Jack H. Fuller The author serving at the last U.S. Open to be played at Forest Hills.
The 2012 U.S. Open goes away for good today, but as compelling as this year’s tournament has been, it won’t challenge the 1977 edition — the last to be held at Forest Hills and chronicled by Michael Steinberger two weeks ago — as the craziest U.S. Open ever. It also makes this the 35th consecutive year without a mixed singles champion.
I played in that U.S. Open. Well, after a fashion. Read on and draw your own conclusions. Perhaps inspired by a first-person account of mine that ran in New York magazine earlier that year about trying to get hired at WNBC-TV’s early-evening news program, the editor at Tennis commissioned me to find a seeded player on the women’s side of the draw willing to play for the 1977 U.S. Open Mixed Singles Championship.
With no more than the editor’s hearty handshake and a general-admission ticket, I was on my own. It wasn’t until Day 8 of the tournament, though — and more begging and arm-twisting than I am free to discuss — that Cynthia Doerner, an Australian ranked 15th in the world, said she would play me. Mike Burns, executive director of the U.S.T.A., scheduled our match for 3 p.m. the following day on Court 17, just across from the press tent.
Jack H. Fuller
Here (above) Doerner waits to serve. Was she telling me to stop stalling and play? I have no idea. Much of the match remains a blur. Our “audience,” as can be seen, is modest compared with the stadium crowd watching Dick Stockton play Harold Solomon. I did win the first game, but that seemed only to incense my determined opponent, because I didn’t win another. She hit lines and corners the way I hit them in my dreams.
At 6-1 and 5-0, linespeople began arriving for a coming women’s quarterfinals doubles match. With one ball in my hand, I reached out to take the remaining two from Cynthia, as a gesture of finality. “I have two,” she said sweetly and, as I recall, won the last game at love to complete the bagel. Her comment at the handshake, “I ran your [expletive] off,” was meant not to be derogatory but simply to acknowledge the unreachable gap between our skill levels. After the match (above), she graciously helped me improve an ineffectual grip that probably had cost me half a dozen games.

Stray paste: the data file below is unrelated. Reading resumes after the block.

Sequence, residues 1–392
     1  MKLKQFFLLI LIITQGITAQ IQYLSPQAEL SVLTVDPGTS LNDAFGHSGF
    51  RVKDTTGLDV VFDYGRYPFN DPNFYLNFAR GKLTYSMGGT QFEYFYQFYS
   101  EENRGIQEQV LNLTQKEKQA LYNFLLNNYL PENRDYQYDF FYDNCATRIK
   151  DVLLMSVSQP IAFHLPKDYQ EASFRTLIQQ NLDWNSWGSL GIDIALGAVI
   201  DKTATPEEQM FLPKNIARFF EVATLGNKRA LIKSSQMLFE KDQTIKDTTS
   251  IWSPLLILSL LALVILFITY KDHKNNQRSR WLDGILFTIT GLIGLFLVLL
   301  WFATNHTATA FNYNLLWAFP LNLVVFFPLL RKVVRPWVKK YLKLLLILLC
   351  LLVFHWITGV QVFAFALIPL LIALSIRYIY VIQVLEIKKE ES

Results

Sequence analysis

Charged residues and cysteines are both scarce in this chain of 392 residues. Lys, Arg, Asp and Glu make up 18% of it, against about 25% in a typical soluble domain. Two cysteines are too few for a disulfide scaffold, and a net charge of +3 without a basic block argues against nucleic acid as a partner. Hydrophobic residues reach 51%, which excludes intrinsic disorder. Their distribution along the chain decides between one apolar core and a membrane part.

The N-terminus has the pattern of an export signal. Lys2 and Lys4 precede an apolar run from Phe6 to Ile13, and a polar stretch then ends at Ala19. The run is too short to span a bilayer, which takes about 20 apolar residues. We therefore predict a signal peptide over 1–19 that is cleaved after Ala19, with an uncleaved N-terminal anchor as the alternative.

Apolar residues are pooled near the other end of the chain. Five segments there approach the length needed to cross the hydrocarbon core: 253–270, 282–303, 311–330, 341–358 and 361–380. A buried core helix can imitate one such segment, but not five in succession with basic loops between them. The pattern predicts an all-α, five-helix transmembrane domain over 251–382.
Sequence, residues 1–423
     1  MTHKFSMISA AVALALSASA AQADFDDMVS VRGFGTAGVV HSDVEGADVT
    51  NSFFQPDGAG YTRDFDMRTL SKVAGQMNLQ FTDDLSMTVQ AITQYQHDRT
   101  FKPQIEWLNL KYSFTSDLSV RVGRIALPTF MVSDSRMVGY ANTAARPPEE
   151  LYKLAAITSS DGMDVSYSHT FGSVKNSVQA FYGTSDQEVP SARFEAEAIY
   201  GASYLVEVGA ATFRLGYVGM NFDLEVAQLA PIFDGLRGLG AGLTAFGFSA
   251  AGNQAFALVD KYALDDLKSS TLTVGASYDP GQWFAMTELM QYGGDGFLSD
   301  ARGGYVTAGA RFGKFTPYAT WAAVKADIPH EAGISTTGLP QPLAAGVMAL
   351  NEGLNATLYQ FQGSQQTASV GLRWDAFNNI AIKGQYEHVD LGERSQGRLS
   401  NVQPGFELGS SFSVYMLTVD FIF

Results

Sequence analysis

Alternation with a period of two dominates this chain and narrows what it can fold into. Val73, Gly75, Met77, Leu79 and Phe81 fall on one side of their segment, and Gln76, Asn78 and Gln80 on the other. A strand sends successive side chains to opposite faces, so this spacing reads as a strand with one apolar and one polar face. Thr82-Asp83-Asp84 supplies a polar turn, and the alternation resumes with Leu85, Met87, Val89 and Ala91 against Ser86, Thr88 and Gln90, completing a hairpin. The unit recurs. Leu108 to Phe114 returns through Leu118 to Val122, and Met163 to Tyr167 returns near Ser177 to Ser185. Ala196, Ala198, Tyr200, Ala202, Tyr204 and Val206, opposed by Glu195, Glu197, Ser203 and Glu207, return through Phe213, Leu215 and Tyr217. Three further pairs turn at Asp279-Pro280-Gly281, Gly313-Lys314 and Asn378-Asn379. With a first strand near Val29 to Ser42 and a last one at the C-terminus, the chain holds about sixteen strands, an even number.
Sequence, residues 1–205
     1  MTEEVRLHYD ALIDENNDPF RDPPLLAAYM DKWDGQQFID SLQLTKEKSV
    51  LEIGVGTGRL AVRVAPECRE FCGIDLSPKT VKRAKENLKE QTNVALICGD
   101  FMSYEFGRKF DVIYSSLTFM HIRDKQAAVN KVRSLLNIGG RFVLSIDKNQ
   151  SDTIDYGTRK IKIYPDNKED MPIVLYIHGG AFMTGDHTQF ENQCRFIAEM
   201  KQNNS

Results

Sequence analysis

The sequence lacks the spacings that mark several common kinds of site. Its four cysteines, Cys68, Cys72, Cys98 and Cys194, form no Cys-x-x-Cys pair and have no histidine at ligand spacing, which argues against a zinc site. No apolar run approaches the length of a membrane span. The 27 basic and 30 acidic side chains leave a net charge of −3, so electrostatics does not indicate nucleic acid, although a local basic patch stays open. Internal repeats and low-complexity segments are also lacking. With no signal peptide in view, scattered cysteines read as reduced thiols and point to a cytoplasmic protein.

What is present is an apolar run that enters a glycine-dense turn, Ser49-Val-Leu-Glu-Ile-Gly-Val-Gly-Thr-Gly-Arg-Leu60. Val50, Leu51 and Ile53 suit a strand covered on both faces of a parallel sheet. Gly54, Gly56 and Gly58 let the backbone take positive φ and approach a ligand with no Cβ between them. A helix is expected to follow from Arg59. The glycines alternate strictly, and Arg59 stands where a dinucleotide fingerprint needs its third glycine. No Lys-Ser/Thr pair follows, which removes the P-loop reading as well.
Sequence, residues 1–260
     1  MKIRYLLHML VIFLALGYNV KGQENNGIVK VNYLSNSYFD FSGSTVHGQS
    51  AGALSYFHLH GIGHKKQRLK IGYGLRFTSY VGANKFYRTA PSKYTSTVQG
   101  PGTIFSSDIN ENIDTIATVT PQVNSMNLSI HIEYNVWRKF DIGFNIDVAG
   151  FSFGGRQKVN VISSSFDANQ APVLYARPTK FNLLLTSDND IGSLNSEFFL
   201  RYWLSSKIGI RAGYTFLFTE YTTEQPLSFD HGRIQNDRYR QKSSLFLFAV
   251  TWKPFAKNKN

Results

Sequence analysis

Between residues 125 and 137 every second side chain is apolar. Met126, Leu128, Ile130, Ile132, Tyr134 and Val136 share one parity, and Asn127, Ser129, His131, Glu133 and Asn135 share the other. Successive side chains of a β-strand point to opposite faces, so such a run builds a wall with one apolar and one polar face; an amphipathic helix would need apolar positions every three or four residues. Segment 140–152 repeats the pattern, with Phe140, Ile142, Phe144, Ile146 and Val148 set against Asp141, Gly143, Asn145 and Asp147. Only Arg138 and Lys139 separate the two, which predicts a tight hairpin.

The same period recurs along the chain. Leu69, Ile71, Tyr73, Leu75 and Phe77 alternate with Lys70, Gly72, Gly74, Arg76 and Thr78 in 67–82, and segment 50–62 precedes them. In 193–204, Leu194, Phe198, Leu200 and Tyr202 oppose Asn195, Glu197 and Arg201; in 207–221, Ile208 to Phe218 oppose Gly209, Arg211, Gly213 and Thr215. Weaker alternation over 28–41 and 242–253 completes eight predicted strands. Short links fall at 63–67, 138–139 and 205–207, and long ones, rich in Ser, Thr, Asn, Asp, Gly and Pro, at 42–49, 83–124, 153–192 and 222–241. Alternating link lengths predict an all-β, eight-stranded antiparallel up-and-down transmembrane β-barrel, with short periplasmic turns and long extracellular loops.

Driving down from Connecticut earlier that day, the photographer Jack Fuller and I stopped at a Woolworth’s on 71st Street near the stadium to shop for a trophy. In the hardware department, we found just what we wanted: a tasteful, gold-flecked cake plate bordered with red and blue flowers, for $3.49 . (Inscription also by Jack.)
In the end, the article I wrote about the Doerner v. Wilson match was never published. The level of negativity implicit in the shooting incident, the “spaghetti racket” scandal and the racial- and labor-related occurrences all tended (largely inadvertently) to put the U.S.T.A. and the Forest Hills Tennis Club under considerable scrutiny. This may have been one reason Tennis killed the article — it was “not respectful to tennis the institution,” I was told. Of course, maybe the results of my match or the way I wrote the story had something to do with its decision, as well.
At least I got some 8-by-10 color prints from the experience. They still hang on my office wall.
Originally posted with the New York Times